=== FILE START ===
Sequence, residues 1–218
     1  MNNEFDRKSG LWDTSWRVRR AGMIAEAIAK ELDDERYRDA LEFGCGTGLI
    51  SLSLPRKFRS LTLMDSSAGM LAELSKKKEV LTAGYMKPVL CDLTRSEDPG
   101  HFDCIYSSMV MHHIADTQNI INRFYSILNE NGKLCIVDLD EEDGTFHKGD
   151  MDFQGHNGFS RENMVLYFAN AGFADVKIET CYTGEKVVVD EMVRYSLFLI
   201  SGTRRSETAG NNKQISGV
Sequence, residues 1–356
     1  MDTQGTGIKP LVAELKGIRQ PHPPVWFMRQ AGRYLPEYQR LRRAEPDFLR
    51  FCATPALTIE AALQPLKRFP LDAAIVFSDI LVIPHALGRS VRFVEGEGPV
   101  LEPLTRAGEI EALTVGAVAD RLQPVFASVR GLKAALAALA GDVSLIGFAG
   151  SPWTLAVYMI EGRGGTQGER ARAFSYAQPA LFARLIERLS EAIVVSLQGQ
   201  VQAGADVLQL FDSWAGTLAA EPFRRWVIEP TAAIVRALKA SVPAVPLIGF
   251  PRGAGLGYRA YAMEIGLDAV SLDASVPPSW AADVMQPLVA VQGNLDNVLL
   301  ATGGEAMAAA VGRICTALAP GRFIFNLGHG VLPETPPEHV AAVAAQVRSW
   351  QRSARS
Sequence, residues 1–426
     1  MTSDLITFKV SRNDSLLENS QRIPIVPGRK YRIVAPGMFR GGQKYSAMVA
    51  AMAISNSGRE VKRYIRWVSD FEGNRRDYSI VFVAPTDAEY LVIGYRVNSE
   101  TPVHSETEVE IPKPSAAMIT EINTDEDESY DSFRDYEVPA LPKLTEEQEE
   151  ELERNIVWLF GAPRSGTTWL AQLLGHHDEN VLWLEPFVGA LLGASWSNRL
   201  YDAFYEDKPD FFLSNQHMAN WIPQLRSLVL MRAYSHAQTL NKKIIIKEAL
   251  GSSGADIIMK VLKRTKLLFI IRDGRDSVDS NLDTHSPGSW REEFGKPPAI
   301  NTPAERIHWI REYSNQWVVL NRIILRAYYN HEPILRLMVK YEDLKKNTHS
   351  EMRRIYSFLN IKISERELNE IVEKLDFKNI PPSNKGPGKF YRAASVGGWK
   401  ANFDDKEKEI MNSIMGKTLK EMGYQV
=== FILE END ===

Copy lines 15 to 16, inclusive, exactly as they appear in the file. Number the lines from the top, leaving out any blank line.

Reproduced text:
   351  QRSARS
Sequence, residues 1–426